Decomposing emotions at the brain level

Thursday, 26 de March de 2020

De acuerdo con las teorías actuales sober las emociones, un episodio emocional esta caracterizado por una sincronización en diferentes areas cerebrales. En este interesante estudio, unos investigadores se preguntaron cuáles son esas areas realizando una tarea experimental para ver cada emoción mediante fMRI, logrando un importante aporte para entender cómo las emociones son procesadas en el cerebro.

According to componential emotion theories (CET / Motivation, Emotion & Craving), an emotional episode (with associated subjective feeling) is characterized by a high degree of synchronization among different cognitive and bodily components, namely the appraisal (often trigger of emotion episode), motivation (determined by action tendencies), expression (e.g. facial expressions) and physiological (e.g. autonomous nervous system / Physiology & Behavior) components (Scherer, 2009).

While imaging studies of emotions have traditionally focused on discrete (e.g. fear) and dimensional (e.g. valence) emotion theories, CET has rarely been explored. In this fMRI study (1), the researchers address this gap by acquiring data for each component and using an interactive task that manipulates appraisals instead of emotion categories per see.


26 subjects took part in this experiment (3T Siemens, GE-EPI, TE=32ms, 48 axial slices, TR=600ms, MB factor=6) (For MRI). They designed a novel paradigm where subjects controlled an avatar that navigated different mazes with the goal of collecting as many points as possible (Fig. 1.1B). They manipulated 2 appraisals (Brain Stimulation)(goal conduciveness (GC), control potential (CP)) in a 3x2 factorial design (Fig. 1.1A). GC was manipulated by introducing (in different trials) 3 monster types (bad, neutral, good) (Decision Making).

Touching the different monsters would result in different outcomes for the subjects (Fig. 1.1B, right-hand table). CP was manipulated by introducing 2 possible power levels (No power, Power, self-activated) that would change the outcome of touching the monsters (Fig. 1.1B). To go to the next trial, subjects had to reach a teleporter placed behind a closed door that opened 8s after trial onset. At this point, a countdown period (CD) was introduced that set a delay to reach the teleporter (4-6s). If the teleporter was not reached in time, all points gathered during the trial were lost.

The motivation component was measured using behavioral proxies for action tendencies, such as coins eaten, monster touches head-to-head or tail-to-head, and the amount of time spend during CD. They also measured peripheral physiology (pulse, respiration, electrodermal activity (EDA)) and facial (zygomaticus and corrugator muscles) electromyography (EMG).

The motivation measures were converted into parametric regressors. After pre-processing, cardiac and respiratory instantaneous rates and EMG power for the two muscles were calculated, while phasic EDA responses were extracted. Apart from the EDA, all-time courses were convolved with the HRF. All these signals were entered in a computational model to derive a continuous emotion synchronization index (SYNCH) between the different components (Meuleman et al, 2015).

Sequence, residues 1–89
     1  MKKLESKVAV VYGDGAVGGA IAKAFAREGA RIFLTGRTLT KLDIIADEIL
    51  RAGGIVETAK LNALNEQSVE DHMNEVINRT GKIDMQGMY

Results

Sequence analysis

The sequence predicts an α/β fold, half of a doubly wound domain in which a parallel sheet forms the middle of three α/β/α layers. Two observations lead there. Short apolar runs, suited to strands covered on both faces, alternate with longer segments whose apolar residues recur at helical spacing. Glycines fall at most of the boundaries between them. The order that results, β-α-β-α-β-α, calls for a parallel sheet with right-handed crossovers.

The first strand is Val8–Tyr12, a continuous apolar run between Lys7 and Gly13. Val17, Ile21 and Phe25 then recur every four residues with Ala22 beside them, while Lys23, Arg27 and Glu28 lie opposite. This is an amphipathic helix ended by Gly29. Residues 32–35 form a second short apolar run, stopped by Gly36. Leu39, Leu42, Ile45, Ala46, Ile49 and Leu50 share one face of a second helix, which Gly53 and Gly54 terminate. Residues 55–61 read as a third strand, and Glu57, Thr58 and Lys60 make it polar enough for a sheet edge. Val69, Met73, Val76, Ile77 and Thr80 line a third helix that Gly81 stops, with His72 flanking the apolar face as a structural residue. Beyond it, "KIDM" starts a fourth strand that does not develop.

fMRI data were preprocessed using standard pipelines (SPM12) and corrected for motion and physiological noise using RETROICOR. At the first level, these data were entered into GLM analyses and the resulting contrast images were entered in second-level analyses to allow inferences at the population level. Results for the component analyses are reported at p<0.05 (FWE). Inferences that test for brain areas that are correlated with the synchronization index are reported at p<0.05 (FWE) at the cluster level using an uncorrected voxel threshold of p=0.001.


Behaviorally, the appraisal manipulations elicited different emotions and action tendencies patterns across conditions. At the brain level, each emotion component was associated with a distributed pattern of activations (Fig. 1.2). In particular, the SYNCH correlated with medial occipital areas and the bilateral striatum, an area that has been previously suggested to play an important role in emotion synchronization (Peron et al, 2013).


By approaching emotions from a componential perspective at the brain level and using a novel and interactive task that allows studying emotions from this angle, this study constitutes an important first step for a more comprehensive understanding of emotion processing in a behaviorally active context.

Supporting Image: OHBMfigure_Final.png




(1) Decomposing emotions at the brain level using a novel and interactive emotion elicitation task. (2019) Joana Leitao, Ben Meuleman, Patrik Vuilleumier.

(2) Meuleman, Ben. (2015) Computational modeling of appraisal theory of emotion. Université de Genève. PhD Thesis.

(3) Péron J, Frühholz S, Vérin M, Grandjean D. (2013) Subthalamic nucleus: a key structure for emotional component synchronization in humans. Neurosci Biobehav Rev.; 37(3):358-73.

(4) Scherer KR (2009). The dynamic architecture of emotion: Evidence for the component process model. Cogn Emot; 23:1307–1351.

Sebastian Moguilner

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